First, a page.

The Health Power of Friendships

Friends having a dinner party
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Ideally, we’d all like to say we have a strong network of family and friends. Both play key roles in our quality of life. However, new research finds that for older adults, strong friendships trump family bonds.

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Surprised? Social psychologist William Chopik of Michigan State University admits that the findings caught him off guard. “I thought relationships with spouse and family would be more influential,” he says.

It turns out that while strong relationships with both family and friends do mean greater overall health and happiness, close friendships are a better predictor of health and happiness later in life. Friends are so important that strained friendships are connected with more chronic illnesses in older adults.

These findings were a result of two studies. The first surveyed 270,000 people ranging from 15 to 99 years old who rated their health and happiness and the value they placed on their different connections. The second study surveyed 7,500 adults 50 and older about the emotional support and strain they received from relationships with family and friends.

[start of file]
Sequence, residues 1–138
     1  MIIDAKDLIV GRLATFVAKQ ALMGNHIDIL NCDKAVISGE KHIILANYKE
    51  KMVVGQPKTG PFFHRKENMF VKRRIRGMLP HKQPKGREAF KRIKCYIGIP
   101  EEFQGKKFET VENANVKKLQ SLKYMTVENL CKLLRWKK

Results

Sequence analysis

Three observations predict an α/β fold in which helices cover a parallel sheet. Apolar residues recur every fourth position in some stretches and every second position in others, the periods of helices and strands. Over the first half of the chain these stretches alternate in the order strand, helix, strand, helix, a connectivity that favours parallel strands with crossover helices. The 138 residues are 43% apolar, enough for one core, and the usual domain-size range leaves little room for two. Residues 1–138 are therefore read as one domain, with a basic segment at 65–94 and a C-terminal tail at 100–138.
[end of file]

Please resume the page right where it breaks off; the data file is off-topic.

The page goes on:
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Chopik and other experts believe it comes down to being able to choose your friends. Plus, older adults tend to have more free time to spend with good company. “Family is still good for you,” he says, “but family activities can be, for lack of a better word, a little boring. Friends often engage in fun leisure activities with us. We elect to be part of those relationships, do fun things with them.”

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